Suzuki Motorcycle tests
Yesterday was the day that every magazine editor was impatiently waiting for - the arrival of the 2008 Suzuki RM-Z450. To say that Suzuki’s flagship motocross bike is all new for 2008 would be a severe understatement. There are very few parts that the 2007 and ‘08 model share, such as the air filter and oil filter. Beyond that, the fuel-injected RM-Z450 was built from the ground up.
The MXA wrecking crew met with Suzuki personnel at Perris Raceway in southern California to sling a leg over the new RM-Z450. At first glance, we immediately noticed the “Fuel-injected” sticker on the side panel. Unless you’ve been studying glacial shifts in the ice caps down at the South Pole for the past year or so, you’ll know that Suzuki has been trying to zero in on developing a fuel-injected motocross bike. Alas, the time has finally come.
Also noticeable were the 5mm wider footpegs, which have been designed to ward off mud from caking up. The two-tone molded plastic radiator shrouds (sans rivets) were a nice touch, as was the gold chain (o-ring) and axle blocks. The 450 also comes with Bridgestone’s new M403/404 combo, and the rear tire is a 110 (120 last year).
Now it’s down to the nitty gritty. The RM-Z450 has a five-speed transmission (and not just a four speed with a top gear added on for desert riding). It should go without saying that the gear ratios are different from the 2007 RM-Z. Gearing is 13/50. Suzuki also increased the flywheel inertia, changed the intake port and intake cams (port angle changed from 10 to 25 degrees, cam timing changed, and optimized the port shape). The exhaust port and exhaust cams were modified, and the 450 has a semi-dry sump design. Also, the intake port is longer and straighter than the ‘07 design (this has been changed to work better with the fuel injection, which is said to deliver smooth, quick response).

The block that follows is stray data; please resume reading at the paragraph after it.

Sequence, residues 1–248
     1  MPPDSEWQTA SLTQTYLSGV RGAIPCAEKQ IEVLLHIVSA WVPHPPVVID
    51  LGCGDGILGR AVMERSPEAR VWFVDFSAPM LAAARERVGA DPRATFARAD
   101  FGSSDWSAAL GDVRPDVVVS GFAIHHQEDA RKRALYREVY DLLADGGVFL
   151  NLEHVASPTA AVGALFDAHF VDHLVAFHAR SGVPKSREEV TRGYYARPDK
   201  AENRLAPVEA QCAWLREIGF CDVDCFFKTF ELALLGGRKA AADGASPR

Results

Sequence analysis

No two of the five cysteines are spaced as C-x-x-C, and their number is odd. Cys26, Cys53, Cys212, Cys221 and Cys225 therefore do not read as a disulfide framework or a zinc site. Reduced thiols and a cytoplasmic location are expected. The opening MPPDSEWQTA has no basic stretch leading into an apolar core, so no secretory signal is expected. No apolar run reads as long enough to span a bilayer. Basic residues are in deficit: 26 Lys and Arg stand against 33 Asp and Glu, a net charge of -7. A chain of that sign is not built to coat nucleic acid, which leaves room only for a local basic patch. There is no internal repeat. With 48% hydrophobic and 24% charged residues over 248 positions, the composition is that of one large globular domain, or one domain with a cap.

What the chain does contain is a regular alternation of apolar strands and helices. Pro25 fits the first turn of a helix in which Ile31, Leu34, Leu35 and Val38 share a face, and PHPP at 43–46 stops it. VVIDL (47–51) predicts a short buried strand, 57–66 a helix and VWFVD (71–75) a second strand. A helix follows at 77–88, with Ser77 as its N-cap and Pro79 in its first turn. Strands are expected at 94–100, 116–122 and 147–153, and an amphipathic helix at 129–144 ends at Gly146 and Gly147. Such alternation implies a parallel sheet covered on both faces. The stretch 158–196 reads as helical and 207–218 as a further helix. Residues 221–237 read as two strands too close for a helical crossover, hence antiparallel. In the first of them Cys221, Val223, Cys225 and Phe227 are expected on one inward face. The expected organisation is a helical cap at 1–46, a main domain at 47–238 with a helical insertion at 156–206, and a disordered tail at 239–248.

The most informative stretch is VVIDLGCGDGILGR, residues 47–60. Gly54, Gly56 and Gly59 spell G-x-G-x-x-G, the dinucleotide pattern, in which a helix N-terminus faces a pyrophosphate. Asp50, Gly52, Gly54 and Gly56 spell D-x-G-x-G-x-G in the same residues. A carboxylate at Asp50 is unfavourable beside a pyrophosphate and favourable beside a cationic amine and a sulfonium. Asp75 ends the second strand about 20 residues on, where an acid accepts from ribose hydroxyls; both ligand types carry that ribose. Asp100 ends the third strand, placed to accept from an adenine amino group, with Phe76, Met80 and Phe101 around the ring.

Which leads us to fuel injection. While the fuel pump is housed inside the 1.6-gallon aluminum gas tank (to make the pipe routing simpler), the Keihin-made throttle body has a 12-hole fuel injector sensor. Also on the throttle body is a progressive link, which was designed to create a more gradual throttle opening at low throttle (to increase engine controllability). Also on the throttle body is a choke switch for cold weather. The choke switch can also be turned to either raise or lower the idle. As for changing the electronic fuel injection, expect a bevy of companies to come out with technology that makes it possible (apparently Yoshimura almost has something ready for the market, called the MX Tuner). To get the complete scoop on Suzuki’s fuel injection system, be sure to check out the March 2008 issue, which will be on newsstands soon.
Is the 2008 RM-Z450 the bike to beat? Will every other manufacturer have to drop their carburetor and step up to the plate now that Suzuki has successfully incorporated fuel injection into a motocross bike? We hate to have to do this to you, but read the upcoming issue of MXA to find out.